The reason why kids struggle was so obviously a functional issue, and if education was claiming, which it was, that it could help these kids, then it apparently also understood functional performance. Attempting to ‘help’ these kids from any other perspective, would be no different than taking your car to a florist for repairs, and expecting a great outcome.
Fast-forward 10-plus years, and you will find that I have essentially given up attempting to have a conversation with education about what it is doing. Over the years, I have been fortunate to work in some schools and with some truly excellent teachers, and probably the greatest thing I saw happen in those schools, was that the burden of responsibility was lifted from those teachers.
They realised that it was never their role to ‘help’ these kids. Even the most sceptical amongst them got to see, as these kids quickly transformed and engaged in ways they obviously could not, prior to receiving the Visual Perceptual Therapy. They saw, that when these children had their struggles addressed in an effective way, they could do what they were trained to do – teach them.
These days my focus is on the children and their parents. A grass roots approach seems the most useful, where parents get to understand why their child struggles and how they can be effectively assisted and their struggles resolved. There are answers as to why kids do what they do, and it can all be explained in a practical and common-sense way. I often tell parents that they are the experts when it comes to their child. Even I can only add to what they know of their child and, by the time the parent has sat through the Visual Perceptual Therapy sessions with their child, they will have a very clear understanding of why their child struggled, and what they are now capable of.
What are we actually talking about?
A great deal of educational jargon, along with a great many myths, has been proliferated throughout our society. I do not use most of these terms, simply because they have nothing to do with why children struggle. I’m a practical type of gal and I prefer to have a conversation about things we can all readily observe, whilst applying some good old common-sense to the situation. Consequently, I will use terms such as ‘learning’ as little as possible and only in the most general sense. Instead, we will be talking about task performance and our capacity to perform everyday tasks.
Task performance is about what we observe in someone performing a task. These are the things we notice. One of the first things I say to a parent in our initial consultation is that I’m not interested in what anyone else has to say about their child; I am only interested in what they notice and what they are concerned about. I also have an aversion to technical terms, such as those found in the average educational psychological assessment report. What I am really looking for is the simplicity of what the child is doing. My job is to relate this to what I know about the cause of a child’s struggle, consequently, the parent’s observations become functional indicators of visual perceptual performance ie: they are pointers to what I am likely to find in my visual perceptual evaluation.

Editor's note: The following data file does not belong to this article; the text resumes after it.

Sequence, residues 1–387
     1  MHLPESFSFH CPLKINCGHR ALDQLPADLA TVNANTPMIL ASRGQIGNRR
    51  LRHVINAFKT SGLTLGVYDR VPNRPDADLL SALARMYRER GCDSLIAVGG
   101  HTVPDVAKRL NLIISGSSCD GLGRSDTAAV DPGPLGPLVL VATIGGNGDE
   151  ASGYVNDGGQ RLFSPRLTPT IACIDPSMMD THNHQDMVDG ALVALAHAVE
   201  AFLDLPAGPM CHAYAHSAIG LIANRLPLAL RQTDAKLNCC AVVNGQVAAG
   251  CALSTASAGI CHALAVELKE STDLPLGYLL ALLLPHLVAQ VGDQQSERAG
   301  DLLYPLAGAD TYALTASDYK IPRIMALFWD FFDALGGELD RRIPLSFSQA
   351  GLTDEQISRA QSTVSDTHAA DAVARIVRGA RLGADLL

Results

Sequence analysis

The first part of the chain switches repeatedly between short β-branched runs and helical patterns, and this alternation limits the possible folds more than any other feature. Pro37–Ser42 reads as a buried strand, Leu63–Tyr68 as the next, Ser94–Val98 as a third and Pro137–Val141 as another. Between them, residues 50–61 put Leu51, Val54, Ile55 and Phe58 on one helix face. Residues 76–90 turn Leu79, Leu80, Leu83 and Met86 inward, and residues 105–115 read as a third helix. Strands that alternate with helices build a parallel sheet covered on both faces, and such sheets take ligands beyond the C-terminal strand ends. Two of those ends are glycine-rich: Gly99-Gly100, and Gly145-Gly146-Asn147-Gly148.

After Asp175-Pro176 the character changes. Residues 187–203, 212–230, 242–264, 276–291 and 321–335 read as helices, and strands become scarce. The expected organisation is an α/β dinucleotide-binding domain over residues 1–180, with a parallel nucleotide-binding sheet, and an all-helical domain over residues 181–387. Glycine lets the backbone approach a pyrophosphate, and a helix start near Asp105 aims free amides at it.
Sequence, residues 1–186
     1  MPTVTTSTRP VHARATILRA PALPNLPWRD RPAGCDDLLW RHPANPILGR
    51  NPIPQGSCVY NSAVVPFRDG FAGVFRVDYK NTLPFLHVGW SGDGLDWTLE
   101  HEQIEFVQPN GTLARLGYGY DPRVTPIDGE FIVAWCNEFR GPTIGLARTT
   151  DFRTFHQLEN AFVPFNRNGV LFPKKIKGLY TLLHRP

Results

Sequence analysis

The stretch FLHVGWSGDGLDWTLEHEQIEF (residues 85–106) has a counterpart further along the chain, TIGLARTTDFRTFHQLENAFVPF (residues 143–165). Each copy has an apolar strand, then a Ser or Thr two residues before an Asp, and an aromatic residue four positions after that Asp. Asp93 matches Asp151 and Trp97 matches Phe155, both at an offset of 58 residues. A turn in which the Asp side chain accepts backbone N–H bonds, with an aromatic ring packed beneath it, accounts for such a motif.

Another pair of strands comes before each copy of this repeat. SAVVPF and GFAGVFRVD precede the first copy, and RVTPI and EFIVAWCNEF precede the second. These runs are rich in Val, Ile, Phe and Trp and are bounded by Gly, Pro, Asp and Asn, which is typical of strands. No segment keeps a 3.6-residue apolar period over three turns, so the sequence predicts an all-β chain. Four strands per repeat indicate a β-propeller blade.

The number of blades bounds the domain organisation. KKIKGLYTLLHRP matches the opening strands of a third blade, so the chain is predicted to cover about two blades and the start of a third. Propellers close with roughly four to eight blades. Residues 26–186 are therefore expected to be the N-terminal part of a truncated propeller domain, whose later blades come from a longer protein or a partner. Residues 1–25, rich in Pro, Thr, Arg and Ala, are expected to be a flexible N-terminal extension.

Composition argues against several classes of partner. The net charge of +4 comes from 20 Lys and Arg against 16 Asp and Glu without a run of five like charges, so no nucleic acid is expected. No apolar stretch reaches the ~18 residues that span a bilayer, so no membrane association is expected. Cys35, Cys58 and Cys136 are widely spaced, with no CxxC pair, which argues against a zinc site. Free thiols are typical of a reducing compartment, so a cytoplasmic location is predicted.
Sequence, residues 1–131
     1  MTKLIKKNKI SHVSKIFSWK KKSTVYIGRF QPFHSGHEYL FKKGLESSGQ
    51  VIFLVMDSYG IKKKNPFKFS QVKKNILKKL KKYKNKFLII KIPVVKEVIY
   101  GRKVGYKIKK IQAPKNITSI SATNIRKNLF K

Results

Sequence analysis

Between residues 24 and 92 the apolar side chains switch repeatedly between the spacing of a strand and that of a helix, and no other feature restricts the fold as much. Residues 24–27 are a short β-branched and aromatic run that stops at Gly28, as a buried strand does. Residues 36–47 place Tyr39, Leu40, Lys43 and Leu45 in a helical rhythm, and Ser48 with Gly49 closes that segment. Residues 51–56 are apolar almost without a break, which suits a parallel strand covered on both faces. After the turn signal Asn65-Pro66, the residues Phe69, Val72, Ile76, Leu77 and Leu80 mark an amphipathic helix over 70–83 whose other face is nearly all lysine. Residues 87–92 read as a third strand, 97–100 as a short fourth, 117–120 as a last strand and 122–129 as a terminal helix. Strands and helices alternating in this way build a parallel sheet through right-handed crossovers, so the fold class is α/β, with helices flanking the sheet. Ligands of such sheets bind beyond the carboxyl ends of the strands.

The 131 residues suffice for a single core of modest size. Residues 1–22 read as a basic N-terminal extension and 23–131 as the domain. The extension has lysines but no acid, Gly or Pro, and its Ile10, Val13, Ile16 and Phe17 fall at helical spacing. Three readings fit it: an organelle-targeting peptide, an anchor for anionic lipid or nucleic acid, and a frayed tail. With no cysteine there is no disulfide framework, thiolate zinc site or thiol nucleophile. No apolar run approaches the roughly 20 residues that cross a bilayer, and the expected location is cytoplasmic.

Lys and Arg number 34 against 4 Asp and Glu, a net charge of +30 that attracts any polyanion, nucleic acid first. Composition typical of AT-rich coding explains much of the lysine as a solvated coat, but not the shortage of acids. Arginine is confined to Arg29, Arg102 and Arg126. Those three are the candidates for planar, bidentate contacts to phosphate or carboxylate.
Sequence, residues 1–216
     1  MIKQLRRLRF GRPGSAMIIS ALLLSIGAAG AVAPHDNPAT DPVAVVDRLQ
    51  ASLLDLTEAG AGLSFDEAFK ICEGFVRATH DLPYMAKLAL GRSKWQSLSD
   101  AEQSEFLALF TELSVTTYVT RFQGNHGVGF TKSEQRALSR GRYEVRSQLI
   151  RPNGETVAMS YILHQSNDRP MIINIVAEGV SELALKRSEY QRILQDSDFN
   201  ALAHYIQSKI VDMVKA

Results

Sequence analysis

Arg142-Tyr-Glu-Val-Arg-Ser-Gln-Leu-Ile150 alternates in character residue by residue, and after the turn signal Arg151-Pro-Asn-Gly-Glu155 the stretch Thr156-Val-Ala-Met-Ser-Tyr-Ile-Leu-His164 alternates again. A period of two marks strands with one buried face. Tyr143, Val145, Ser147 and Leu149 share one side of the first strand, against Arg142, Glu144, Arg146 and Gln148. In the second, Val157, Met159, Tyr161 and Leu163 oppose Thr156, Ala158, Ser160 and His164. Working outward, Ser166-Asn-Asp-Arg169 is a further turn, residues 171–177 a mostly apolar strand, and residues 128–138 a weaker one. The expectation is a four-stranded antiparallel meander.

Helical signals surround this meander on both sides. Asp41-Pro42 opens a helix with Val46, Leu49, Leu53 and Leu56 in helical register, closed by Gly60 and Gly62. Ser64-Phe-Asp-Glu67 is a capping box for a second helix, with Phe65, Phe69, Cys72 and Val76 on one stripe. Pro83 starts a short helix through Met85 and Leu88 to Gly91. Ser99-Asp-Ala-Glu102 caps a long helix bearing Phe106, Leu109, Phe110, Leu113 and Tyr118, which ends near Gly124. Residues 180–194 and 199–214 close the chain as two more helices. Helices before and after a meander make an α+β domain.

These observations also give me a basic idea of how severe the child’s visual perceptual deficit may potentially be. However, I do want to stress that at this stage of the game, I would only be making a very guarded and general comment about what I may find in my evaluation. I say this because I have seen any number of children over the years, which have had a very significant struggle in life and yet the cause of their struggle, at the visual perceptual level, was really quite minor. Most of these kids I have only ever seen twice and their struggle just dissipated. I will always recall the mother of a 12 year old girl who caught up with a year after I saw her daughter. She thanked me with tears in her eyes, for giving her a ‘typical teenage daughter.’ I am sure many mothers, would rather their teenage daughter lived somewhere else for a few years, but this mother now had a daughter, who was like every other teenager on the planet and she was so incredibly grateful to see and experience this.
A moment of epiphany changed my perspective forever, and now I find myself introducing others to this subtle level of performance, so that they too can see a child’s performance from and totally different perspective. It does take a change in perspective to see things differently and when these shifts happen, the perspective we held before seems so primitive and even superstitious.
Our capacity to make sense of this world arises from our capacity, to engage with a soup of raw sensory information, and to make something of it. We have no other way of experiencing life, except by way of the processing and integration of raw sensory information. We may see and climb the tree, taste and eat the cake or hear and play the music but, before these experiences are conceptualised and named, there has to be a process, which allows our experiences to coalesce out of that mass of raw sensory data, into some thing. And, if we do not have the capacity to process and integrate sensory information, because there has been some damage to our neural networks, this will be reflected in how we show up in the world, engage with it and perform various tasks. This is why what a parent has to tell me of their experience of their child is so important. It is totally reflective of what is happening within the child’s visual perceptual performance, a world I understand very well.
Natoya Rose is an Occupational Therapist and developer of the clinically based programs, used to refine visual perceptual performance
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